New York: Certain drugs taken to improve heart health may also have anti-cancer properties, says a new study led by an Indian-origin scientist in the US.
A team led by Anil Sood from the University of Texas retrospectively analysed medical records of 1,425 women who were treated at different medical centres for ovarian cancer between 2000 and 2010.
The researchers noted that 193 of the women were taking beta blockers known as beta-1 adrenergic receptor (ADRB1) selective agents and 76 were receiving non-selective beta antagonists.
Beta blockers, which are drugs commonly used to treat hypertension and other heart-related conditions, affect the body's stress response and may therefore impact cancer progression, researchers said.
"We found that patients taking a broad, or non-selective, beta blocker were the ones who derived the most benefit compared with those who were not taking a beta blocker or those who were taking a beta-1-selective medication," said Sood.
The median survival time was 47.8 months for patients receiving any beta blocker versus 42 months for non-users.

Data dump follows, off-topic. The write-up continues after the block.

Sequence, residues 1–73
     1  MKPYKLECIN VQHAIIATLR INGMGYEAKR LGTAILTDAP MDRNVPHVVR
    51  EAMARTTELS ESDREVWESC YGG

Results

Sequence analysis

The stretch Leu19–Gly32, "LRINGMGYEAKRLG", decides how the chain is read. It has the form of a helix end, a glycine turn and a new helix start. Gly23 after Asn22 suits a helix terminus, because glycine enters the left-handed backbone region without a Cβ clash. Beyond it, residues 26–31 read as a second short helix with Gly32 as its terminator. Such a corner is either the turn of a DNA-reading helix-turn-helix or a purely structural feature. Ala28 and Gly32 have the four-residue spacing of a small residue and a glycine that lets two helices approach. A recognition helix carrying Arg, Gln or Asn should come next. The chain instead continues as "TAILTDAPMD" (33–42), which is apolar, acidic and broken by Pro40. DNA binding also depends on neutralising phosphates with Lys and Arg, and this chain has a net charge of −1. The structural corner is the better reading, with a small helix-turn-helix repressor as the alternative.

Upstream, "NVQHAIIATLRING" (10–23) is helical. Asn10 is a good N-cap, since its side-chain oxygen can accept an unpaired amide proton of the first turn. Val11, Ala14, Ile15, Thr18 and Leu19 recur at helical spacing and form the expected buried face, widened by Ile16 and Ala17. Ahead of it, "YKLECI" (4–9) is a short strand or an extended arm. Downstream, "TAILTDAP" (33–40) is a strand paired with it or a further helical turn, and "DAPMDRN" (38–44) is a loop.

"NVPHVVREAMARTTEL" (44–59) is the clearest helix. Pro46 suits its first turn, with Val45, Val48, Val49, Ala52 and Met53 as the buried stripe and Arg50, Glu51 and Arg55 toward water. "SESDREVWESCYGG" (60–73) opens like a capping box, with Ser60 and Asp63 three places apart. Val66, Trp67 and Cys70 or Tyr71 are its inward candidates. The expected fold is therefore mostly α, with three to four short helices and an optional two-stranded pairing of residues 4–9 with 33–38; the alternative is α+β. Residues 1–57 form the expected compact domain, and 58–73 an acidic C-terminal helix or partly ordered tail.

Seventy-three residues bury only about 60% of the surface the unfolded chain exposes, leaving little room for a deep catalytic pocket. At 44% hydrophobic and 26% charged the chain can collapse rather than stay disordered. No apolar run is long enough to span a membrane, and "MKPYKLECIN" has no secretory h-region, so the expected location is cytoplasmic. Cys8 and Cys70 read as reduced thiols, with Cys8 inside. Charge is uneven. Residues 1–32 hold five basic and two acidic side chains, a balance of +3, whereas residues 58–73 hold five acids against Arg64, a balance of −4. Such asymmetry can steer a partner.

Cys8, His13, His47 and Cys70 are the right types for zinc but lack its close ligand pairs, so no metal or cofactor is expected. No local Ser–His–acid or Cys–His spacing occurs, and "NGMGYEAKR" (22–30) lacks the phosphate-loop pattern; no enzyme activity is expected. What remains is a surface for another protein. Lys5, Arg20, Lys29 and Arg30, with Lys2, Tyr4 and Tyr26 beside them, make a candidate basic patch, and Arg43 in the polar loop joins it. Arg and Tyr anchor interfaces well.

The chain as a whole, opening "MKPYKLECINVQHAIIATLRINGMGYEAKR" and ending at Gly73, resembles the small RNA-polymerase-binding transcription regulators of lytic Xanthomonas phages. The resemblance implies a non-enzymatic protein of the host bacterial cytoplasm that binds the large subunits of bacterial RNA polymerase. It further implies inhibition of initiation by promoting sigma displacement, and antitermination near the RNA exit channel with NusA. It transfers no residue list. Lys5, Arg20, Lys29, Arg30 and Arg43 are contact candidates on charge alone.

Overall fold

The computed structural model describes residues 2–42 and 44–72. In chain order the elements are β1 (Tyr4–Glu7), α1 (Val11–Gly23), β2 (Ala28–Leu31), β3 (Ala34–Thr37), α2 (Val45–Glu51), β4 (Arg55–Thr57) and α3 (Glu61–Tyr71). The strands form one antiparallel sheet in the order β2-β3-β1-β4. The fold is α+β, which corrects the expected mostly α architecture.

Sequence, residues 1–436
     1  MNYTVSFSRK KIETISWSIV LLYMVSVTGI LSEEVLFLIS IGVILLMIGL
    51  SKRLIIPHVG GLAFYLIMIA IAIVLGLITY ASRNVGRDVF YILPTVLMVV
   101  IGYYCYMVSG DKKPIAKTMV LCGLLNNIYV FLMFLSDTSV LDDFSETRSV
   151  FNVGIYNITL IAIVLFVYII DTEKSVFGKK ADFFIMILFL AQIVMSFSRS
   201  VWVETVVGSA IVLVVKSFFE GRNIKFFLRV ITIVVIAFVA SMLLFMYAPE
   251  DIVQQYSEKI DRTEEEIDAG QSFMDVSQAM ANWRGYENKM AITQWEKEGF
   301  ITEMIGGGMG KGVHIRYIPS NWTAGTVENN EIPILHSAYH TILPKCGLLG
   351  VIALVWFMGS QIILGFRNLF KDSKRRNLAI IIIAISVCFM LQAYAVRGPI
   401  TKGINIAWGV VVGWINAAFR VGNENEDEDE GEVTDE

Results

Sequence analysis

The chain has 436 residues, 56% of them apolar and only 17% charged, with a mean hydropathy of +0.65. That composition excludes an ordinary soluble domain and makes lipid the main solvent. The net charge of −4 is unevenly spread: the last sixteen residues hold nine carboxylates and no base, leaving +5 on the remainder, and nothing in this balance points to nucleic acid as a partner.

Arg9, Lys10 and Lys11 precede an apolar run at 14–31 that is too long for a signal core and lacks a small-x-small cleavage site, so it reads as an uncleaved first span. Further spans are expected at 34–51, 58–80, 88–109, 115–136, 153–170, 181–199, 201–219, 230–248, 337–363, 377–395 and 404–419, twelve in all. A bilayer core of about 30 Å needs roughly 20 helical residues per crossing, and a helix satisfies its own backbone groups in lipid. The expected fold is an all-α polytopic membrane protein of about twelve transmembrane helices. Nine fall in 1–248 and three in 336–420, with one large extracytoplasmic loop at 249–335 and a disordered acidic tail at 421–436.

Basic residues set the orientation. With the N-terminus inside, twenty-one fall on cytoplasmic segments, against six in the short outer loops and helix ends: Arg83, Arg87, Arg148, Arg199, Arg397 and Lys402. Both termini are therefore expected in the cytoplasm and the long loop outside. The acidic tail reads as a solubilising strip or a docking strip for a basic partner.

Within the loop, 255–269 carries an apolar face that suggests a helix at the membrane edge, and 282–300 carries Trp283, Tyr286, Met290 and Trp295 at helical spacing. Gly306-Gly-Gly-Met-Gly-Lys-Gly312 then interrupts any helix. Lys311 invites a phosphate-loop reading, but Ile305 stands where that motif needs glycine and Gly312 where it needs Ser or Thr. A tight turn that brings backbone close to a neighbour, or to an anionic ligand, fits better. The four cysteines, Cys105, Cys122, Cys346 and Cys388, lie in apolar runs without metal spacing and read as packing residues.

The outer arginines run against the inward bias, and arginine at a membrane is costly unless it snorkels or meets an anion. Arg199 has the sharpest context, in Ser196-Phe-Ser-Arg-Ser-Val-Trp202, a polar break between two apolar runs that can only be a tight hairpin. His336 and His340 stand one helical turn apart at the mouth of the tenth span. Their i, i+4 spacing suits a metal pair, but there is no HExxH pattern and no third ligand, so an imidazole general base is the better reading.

Among those who took beta-blockers, the median survival time was 94.9 months for those receiving non-selective beta blockers versus 38 months for those receiving ADRB1 selective agents.
Patients with hypertension tended to have shorter survival times than patients without hypertension, but even among patients with hypertension, users of non-selective beta blockers had a longer median survival time than non-users (38.2 versus 90 months).
In an accompanying editorial, Kristen Bunch, from the Walter Reed National Military Medical Centre, and Christina Annunziata from the National Cancer Institute noted that despite the small number of patients who were taking non-selective beta blockers in this study, the investigators uncovered a dramatic survival advantage that warrants further analysis.
The study was published online in CANCER, a peer-reviewed journal of the American Cancer Society.